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Harvey Weinstein trial: Jurors appear deadlocked on 2 most serious charges

<p>Harvey Weinstein arrives Feb. 21 on the 15th floor of Manhattan Criminal Court in New York. Jury deliberations in Weinstein&#x27;s rape trial entered a fourth day Feb. 21. </p>

Harvey Weinstein arrives Feb. 21 on the 15th floor of Manhattan Criminal Court in New York. Jury deliberations in Weinstein's rape trial entered a fourth day Feb. 21.

By Laura Newberry
Los Angeles Times

NEW YORK — Jurors in the Harvey Weinstein trial Friday appeared deadlocked on the most serious charges brought against the disgraced movie mogul as the fourth day of deliberations came to a close.

The jury of seven men and five women asked if they could be hung on the two charges of predatory sexual assault — which carry a maximum sentence of life in prison — and unanimous on the other lesser charges.

Judge James Burke told the jurors that they must reach a unanimous verdict on every count.

"It is not uncommon for a jury to have difficulty reaching a unanimous verdict, or for it to believe they will never be able to reach a unanimous verdict," Burke said.

He then asked the jurors to continue their deliberations.

Jurors have so far zeroed in on the accusations of Mimi Haley and "Sopranos" actress Annabella Sciorra, whose allegation is critical to Weinstein being convicted of predatory sexual assault, which carries a maximum sentence of life in prison.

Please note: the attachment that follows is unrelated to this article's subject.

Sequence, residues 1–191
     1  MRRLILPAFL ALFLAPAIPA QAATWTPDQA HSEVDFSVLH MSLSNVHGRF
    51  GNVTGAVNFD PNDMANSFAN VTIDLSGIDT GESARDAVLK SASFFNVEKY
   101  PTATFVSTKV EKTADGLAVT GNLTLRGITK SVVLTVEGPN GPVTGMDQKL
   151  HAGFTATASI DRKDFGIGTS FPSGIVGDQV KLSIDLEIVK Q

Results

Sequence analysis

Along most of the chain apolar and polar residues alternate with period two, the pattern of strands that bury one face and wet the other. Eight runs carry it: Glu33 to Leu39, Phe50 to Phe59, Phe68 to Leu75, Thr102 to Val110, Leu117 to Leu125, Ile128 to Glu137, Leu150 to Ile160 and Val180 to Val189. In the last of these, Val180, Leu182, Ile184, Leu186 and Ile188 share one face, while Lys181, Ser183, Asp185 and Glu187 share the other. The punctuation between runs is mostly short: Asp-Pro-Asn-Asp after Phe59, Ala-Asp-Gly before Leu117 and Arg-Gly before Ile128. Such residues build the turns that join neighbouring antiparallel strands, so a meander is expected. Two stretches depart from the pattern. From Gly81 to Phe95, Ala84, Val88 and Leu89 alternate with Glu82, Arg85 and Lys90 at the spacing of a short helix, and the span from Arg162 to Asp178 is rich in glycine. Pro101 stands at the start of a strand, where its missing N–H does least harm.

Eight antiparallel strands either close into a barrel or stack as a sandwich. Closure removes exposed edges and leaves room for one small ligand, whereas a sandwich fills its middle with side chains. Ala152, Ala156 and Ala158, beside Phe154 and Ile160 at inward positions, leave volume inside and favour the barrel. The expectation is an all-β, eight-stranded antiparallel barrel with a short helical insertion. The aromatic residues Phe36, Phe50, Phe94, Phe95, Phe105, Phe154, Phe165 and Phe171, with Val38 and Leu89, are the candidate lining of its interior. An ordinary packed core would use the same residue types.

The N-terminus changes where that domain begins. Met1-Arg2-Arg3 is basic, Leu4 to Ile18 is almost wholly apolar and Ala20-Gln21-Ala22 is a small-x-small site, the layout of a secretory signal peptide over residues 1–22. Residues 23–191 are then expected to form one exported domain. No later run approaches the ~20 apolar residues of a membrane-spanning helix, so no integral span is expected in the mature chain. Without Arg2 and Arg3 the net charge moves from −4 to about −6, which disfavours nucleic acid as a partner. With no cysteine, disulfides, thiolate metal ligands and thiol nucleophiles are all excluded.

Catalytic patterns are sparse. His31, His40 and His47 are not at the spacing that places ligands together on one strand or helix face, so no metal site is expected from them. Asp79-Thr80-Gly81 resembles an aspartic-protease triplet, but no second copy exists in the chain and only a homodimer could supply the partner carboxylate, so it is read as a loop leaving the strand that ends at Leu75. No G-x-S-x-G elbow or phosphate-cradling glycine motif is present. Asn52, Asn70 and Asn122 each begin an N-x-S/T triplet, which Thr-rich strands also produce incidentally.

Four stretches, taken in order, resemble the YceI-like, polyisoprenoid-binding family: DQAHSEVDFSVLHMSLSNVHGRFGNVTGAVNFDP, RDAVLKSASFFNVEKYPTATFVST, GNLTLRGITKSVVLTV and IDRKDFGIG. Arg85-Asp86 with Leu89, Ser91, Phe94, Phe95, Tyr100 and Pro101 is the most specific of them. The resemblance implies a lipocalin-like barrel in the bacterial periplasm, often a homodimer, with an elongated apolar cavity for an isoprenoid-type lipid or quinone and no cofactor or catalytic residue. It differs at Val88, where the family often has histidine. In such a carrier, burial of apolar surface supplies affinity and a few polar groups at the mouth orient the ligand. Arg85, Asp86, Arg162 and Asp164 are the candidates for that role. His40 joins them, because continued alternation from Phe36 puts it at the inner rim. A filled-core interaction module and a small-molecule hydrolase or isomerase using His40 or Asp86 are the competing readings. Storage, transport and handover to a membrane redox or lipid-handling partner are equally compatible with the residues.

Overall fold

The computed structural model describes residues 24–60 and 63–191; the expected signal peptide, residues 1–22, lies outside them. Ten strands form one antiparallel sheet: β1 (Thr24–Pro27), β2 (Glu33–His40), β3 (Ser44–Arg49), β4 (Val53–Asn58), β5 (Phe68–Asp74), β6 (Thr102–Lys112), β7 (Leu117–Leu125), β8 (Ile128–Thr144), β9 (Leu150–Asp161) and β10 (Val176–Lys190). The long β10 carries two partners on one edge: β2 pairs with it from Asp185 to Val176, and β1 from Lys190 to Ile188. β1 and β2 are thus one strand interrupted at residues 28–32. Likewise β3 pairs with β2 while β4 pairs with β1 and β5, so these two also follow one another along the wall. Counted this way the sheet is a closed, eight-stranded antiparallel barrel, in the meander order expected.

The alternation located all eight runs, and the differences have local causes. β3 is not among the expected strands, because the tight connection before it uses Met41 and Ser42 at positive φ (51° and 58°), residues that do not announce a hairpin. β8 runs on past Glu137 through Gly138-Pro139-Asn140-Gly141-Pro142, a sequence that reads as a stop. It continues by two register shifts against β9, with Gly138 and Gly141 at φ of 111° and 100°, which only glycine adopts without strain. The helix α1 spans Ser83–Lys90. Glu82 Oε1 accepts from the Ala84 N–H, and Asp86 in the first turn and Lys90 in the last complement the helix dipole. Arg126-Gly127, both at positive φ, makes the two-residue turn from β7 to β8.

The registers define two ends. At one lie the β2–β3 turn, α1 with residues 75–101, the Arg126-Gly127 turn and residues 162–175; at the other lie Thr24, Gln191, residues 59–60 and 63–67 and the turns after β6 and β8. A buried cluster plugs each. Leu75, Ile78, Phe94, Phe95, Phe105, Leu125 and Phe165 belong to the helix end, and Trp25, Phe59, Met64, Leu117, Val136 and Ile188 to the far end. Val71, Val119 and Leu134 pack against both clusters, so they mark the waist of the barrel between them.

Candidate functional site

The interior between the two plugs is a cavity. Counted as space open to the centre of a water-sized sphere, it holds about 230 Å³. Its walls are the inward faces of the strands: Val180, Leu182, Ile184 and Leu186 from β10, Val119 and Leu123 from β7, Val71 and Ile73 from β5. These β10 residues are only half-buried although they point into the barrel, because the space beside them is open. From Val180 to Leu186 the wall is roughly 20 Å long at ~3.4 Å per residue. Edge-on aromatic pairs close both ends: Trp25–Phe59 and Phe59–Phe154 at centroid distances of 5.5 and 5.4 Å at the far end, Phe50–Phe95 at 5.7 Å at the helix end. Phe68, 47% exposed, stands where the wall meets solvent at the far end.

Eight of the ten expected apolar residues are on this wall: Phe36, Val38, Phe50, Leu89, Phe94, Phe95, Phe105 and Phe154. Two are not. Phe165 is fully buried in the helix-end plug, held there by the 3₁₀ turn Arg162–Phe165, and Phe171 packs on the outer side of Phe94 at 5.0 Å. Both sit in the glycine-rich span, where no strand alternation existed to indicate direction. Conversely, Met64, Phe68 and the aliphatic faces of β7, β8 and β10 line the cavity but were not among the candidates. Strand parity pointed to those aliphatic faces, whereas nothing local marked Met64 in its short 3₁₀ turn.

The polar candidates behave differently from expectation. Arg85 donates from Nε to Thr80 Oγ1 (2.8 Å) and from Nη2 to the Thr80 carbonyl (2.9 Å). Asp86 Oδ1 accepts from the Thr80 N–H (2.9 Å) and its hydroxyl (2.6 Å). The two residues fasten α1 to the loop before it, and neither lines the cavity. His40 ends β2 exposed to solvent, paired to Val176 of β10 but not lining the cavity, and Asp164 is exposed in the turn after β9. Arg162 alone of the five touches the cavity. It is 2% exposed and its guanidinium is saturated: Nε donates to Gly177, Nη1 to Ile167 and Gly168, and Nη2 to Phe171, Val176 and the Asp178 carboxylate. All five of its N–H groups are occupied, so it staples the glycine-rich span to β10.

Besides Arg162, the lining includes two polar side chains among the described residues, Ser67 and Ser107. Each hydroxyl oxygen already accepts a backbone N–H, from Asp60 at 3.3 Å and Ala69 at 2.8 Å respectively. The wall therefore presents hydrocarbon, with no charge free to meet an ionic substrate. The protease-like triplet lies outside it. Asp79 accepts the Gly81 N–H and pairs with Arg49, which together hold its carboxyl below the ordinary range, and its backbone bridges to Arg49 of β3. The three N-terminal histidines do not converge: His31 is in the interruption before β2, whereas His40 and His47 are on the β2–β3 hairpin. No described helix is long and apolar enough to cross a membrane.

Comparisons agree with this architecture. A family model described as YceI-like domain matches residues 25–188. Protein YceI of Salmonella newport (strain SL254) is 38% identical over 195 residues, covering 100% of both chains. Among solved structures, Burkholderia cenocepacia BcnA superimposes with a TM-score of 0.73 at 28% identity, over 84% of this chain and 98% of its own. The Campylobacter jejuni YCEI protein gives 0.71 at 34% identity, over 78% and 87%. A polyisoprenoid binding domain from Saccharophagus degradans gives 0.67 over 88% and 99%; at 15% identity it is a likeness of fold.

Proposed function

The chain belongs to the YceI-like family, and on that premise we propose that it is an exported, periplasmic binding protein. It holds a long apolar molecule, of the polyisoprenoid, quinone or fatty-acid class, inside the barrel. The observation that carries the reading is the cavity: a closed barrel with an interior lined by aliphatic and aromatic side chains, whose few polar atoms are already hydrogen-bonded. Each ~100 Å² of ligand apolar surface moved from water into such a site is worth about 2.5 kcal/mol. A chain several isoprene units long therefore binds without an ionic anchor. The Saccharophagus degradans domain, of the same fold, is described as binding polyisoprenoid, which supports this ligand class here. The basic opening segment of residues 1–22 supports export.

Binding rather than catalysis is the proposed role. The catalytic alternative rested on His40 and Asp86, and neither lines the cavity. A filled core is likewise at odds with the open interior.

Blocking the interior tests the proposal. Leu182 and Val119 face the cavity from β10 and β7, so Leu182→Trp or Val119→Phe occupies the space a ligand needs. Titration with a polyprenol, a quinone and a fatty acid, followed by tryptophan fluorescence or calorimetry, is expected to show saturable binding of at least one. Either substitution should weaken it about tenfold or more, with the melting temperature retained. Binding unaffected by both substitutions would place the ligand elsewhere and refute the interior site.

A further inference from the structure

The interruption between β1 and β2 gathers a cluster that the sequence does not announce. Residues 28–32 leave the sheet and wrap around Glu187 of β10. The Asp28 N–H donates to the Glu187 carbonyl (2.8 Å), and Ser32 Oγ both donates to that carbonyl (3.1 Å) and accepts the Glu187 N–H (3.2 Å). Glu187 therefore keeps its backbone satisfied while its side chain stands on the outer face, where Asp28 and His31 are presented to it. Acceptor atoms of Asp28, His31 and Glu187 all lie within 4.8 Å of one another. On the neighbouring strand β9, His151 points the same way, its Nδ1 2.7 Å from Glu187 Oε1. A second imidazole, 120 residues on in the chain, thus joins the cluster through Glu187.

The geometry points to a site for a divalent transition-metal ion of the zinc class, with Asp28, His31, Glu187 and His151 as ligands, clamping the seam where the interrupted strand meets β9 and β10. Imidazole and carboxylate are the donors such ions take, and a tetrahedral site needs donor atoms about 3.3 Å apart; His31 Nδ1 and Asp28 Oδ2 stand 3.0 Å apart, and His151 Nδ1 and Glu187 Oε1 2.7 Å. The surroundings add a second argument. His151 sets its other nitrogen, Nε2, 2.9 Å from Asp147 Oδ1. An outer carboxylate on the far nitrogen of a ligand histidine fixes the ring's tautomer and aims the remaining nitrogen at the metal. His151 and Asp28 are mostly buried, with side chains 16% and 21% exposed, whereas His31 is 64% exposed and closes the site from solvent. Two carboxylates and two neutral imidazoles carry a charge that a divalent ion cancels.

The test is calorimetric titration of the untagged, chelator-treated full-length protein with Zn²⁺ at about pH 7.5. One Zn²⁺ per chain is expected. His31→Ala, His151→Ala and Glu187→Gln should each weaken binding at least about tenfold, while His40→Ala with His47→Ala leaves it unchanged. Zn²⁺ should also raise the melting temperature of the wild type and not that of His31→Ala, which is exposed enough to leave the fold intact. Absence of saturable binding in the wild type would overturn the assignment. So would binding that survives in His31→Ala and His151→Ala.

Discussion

Earlier this week, jurors requested to rehear the testimony and cross-examination of Haley, who has accused the Miramax co-founder of forcibly performing oral sex on her in his SoHo apartment in 2006.

Jurors also asked to review the cross-examination of Sciorra and the testimony of her friend, actress Rosie Perez, who early in the trial told jurors that Sciorra had told her about the alleged attack in the 1990s. In addition, they wanted a list of anyone Sciorra allegedly told about the attack.

Weinstein, 69, faces five counts of sexual assault in connection with the alleged assaults of Sciorra, Haley and Jessica Mann, a once-aspiring actress who has accused the movie mogul of raping her on two separate occasions in hotels in New York and Southern California.

During her tearful testimony, Sciorra told jurors that Weinstein barged into her Gramercy Park apartment in late 1993 or early 1994 and raped her. Sciorra's allegation was too old to prosecute individually, but it was factored into the top count of the indictment. In essence, the jury needs to believe Sciorra's testimony — and the accounts of either Haley or Mann — in order to convict Weinstein of predatory sexual assault, which carries a maximum sentence of life in prison.

On Tuesday, jurors asked to see the blueprint of the SoHo apartment where Weinstein allegedly assaulted Haley, a former production assistant on the Weinstein Co. show "Project Runway." And they requested to see emails Haley sent to Weinstein, some of which occurred after the alleged attack and appeared friendly in nature.

And on Wednesday, jurors asked for a slideshow presented by expert witness Barbara Ziv, a forensic psychiatrist called by prosecutors who attempted to knock down so-called rape myths — including the notions that the truthfulness of a rape allegation can be evaluated by how an accuser behaves afterward.

Legal experts have predicted that continued communication between accuser Mann and Haley could be a point of contention for jurors.

Jury deliberations are set to continue Monday.

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